Once you're confident that your player has a good grasp of how spell design works, and that you do too, as a storyteller, go back to the start of my post, and start asking for templates that are fully completed. If they can't provide a complete template for you to assess, assume they are not autonomous yet, and stick to the step by step.

Also, welcome to the forum. Make yourself at home.


I remember a ArM5 Spell Guidelines file which covered all the guidelines in the Core book. It was similar to the ArM5 Supplemental Spell Guidelines file still available from Atlas (here).

While I will not be sharing one without permission from Atlas (since they might feel it is sharing of their work), building your own from the core book might be very useful. You could fit all of the RTD and TeFo Bases onto ~10 pages and print it out, giving you a guide to hand to your players when they attempt to build a spell.

Thank you everyone for your insightful advice and critique. This is the first Ars Magica game i am story guiding and while i have been a games master before for other systems, system mastery always takes me longer than i would like, and Ars Magica is very different from other systems i have run.


I'd second the recommendation to only use existing spells from the books when creating new characters - especially for a new player / storyguide.

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I might be inclined to allow existing spells with tweaked parameters, depending on how confident you're feeling - "it's like Pilum of Fire but at Sight range rather than Voice range. I call it Arrow of Fire."


I agree with everything above.

Also, for your first game as SG, I would suggest taking that player to one quiet side and have a serious talk with him, because he seems to be going to play a Vim expert, and that's not something I'd suggest both of you to play until you are both quite confident with the system.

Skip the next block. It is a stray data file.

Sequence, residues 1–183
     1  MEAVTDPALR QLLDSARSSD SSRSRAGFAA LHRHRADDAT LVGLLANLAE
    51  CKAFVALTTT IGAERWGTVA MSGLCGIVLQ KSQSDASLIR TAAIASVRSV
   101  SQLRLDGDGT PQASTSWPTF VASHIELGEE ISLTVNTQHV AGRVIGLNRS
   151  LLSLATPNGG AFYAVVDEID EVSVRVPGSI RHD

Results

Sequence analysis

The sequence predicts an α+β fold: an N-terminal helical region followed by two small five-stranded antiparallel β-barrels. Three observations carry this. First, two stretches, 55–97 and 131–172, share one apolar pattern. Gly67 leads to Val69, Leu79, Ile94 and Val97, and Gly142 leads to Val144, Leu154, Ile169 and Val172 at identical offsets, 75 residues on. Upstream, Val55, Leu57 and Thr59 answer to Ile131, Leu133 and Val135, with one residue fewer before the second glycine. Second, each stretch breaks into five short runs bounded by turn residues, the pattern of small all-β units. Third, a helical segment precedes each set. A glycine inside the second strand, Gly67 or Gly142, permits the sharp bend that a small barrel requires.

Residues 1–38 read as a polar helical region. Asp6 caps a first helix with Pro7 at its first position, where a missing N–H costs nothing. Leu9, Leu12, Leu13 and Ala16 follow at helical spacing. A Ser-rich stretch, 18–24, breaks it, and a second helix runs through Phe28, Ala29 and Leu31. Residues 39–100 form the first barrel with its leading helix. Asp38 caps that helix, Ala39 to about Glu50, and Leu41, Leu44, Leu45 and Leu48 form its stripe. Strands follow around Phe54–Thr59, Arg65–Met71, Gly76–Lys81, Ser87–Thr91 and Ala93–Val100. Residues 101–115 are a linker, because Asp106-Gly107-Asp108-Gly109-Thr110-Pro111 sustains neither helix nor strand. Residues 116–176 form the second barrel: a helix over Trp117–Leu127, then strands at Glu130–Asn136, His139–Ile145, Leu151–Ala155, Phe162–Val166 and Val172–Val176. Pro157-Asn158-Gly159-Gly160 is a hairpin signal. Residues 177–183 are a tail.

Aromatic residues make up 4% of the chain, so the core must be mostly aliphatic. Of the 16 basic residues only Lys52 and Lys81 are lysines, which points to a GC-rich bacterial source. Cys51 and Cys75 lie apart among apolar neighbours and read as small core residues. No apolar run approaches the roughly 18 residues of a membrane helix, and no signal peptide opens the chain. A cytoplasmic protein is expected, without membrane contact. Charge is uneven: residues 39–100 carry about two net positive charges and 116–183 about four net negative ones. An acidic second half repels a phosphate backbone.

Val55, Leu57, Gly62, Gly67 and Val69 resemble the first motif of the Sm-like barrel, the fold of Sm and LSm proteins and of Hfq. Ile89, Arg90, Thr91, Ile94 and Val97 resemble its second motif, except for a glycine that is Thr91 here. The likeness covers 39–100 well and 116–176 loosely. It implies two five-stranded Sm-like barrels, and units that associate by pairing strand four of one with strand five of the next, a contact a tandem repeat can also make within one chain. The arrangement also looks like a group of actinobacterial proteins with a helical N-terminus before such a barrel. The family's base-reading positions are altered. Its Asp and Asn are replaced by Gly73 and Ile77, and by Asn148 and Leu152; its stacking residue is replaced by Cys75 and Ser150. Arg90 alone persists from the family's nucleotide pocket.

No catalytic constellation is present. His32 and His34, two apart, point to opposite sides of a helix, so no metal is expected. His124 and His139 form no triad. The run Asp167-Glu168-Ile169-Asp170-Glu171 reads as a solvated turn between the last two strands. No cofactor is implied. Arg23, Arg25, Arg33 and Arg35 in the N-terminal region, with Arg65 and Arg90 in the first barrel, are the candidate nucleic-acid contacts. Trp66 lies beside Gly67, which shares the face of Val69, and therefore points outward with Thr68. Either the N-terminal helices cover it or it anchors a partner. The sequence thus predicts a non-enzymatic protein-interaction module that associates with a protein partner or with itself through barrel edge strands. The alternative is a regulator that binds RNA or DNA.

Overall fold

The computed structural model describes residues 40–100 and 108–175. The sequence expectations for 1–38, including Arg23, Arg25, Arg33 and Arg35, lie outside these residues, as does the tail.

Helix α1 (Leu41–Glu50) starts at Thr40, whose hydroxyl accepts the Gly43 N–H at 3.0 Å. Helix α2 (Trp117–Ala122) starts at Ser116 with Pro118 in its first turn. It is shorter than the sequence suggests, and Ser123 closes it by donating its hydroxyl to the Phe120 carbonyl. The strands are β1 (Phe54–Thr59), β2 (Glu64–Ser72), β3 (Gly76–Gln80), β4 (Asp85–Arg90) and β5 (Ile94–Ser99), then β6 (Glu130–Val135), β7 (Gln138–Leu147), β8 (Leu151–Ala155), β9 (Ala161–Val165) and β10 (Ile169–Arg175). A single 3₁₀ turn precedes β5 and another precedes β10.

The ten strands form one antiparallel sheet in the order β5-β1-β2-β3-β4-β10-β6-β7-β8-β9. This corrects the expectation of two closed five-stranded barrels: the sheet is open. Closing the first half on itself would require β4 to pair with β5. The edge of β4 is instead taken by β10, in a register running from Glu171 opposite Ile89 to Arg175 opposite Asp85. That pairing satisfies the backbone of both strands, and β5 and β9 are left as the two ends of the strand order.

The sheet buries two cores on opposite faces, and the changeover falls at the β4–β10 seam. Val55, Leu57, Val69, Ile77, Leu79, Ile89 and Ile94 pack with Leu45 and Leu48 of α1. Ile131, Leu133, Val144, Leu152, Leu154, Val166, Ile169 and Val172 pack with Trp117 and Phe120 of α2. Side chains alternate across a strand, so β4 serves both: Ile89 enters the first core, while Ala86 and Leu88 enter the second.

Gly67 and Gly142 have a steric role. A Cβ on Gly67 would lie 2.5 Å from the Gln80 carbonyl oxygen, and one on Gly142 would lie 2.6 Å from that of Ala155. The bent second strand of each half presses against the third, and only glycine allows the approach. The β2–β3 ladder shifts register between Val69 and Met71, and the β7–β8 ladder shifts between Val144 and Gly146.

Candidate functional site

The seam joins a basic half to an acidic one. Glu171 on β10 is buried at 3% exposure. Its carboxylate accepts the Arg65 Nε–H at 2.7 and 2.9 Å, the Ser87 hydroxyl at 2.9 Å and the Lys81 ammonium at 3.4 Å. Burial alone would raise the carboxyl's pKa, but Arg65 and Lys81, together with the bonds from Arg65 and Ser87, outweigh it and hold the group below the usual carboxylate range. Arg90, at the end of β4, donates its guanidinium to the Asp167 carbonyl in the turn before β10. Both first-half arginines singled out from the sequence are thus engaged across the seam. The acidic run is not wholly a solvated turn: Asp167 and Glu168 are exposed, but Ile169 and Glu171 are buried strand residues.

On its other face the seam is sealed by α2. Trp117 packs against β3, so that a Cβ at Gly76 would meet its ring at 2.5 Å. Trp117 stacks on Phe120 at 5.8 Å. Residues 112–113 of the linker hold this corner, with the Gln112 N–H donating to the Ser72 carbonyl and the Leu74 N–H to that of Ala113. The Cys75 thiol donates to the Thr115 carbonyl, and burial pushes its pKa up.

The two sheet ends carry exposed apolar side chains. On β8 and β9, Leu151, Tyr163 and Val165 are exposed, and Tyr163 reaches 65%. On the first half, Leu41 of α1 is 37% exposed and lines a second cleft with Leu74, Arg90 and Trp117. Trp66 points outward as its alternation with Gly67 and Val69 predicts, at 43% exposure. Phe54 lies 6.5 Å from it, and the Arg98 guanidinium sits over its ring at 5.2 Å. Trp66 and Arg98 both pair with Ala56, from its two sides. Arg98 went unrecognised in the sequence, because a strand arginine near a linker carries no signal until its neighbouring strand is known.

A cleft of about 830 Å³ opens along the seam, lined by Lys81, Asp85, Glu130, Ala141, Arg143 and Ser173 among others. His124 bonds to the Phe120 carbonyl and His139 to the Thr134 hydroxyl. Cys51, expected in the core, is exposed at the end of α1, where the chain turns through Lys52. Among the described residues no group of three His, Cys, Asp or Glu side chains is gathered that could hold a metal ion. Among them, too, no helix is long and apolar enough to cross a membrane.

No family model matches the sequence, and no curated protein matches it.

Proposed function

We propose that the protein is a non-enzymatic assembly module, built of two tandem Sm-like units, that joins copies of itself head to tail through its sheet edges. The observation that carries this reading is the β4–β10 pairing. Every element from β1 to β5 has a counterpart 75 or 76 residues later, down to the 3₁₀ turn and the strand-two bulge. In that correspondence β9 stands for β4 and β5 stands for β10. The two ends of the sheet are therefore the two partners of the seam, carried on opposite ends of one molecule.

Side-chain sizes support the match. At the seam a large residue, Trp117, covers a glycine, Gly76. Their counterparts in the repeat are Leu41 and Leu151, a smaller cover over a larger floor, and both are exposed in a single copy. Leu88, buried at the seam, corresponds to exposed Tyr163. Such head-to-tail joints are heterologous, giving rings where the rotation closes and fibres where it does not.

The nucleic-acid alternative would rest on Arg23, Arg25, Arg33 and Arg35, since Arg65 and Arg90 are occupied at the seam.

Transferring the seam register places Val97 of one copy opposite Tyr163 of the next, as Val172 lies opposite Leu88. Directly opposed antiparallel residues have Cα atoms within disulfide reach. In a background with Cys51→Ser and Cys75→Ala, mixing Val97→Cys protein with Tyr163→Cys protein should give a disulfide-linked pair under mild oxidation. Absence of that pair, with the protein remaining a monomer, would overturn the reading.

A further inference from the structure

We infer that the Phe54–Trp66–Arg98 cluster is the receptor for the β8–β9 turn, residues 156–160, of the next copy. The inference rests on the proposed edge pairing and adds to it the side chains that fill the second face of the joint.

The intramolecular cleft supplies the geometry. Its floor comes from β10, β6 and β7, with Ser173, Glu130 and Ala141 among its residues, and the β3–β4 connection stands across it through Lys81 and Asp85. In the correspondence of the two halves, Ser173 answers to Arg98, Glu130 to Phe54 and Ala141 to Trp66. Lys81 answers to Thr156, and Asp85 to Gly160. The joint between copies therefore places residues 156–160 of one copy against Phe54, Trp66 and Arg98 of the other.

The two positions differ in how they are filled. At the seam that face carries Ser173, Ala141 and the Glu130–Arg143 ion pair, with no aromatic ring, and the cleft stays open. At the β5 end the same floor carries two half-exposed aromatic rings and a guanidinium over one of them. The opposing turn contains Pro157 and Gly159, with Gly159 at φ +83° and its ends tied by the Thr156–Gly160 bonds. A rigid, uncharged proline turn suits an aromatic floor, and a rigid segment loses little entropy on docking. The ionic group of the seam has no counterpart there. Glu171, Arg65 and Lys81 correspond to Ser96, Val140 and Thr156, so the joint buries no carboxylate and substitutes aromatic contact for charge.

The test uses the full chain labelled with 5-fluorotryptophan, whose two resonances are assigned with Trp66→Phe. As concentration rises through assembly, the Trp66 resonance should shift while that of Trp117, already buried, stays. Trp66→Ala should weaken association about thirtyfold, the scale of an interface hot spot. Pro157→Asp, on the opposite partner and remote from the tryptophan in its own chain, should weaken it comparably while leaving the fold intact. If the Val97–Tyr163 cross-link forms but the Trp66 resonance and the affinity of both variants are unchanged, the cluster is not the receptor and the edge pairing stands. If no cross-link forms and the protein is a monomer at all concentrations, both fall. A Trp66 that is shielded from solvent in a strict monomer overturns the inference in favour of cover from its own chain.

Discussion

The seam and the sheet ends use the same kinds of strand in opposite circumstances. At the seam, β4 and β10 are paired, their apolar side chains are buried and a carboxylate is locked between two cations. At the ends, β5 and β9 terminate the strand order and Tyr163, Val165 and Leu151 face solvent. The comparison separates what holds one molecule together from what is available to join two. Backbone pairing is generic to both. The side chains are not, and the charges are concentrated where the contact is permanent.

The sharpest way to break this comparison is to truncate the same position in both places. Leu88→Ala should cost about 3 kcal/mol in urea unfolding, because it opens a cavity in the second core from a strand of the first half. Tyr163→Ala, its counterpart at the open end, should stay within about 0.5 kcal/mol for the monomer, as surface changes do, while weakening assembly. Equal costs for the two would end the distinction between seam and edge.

Also he seems to be going to ask for 90 spell levels just to boost his magic resistance. If he is the average magus after apprenticeship, that's 75% of the spell levels he gets. The remaining 25% would be so thin he seems to be going to be doing what, resisting magic all the time!? Which, anyway, is what Parma is for. Suggest him to focus on other arts and spells and style of magus, and if he is paranoid about magic resistance tell him to get Puissant Parma or Affinity with Parma. And of course don't start throwing might 50 creatures, 150 years old archmages and faerie queens to them right on the first story.


I agree with all the advisc above, and the comment of take it as a learning experience.

Those spells would break the game. That magi would be near impossible to hurt with spells, meaning if you ever wanted to be able to have a chance to touch him with magic, any other magi nearby is devestated.

As mentioned by another poster, he also would be painfully boring, as what could they do apart from be magic proof. Only 30 levels of spells left.

Yes. I once shared such a document and was asked to desist.

To rule on spells, I would strongly suggest also to prepare in your storyguide screen / notes a table summarizing the various RDTs effect on level:

Also, read carefully the rules on Size and magic (Target). They are a bit confusing. My summary: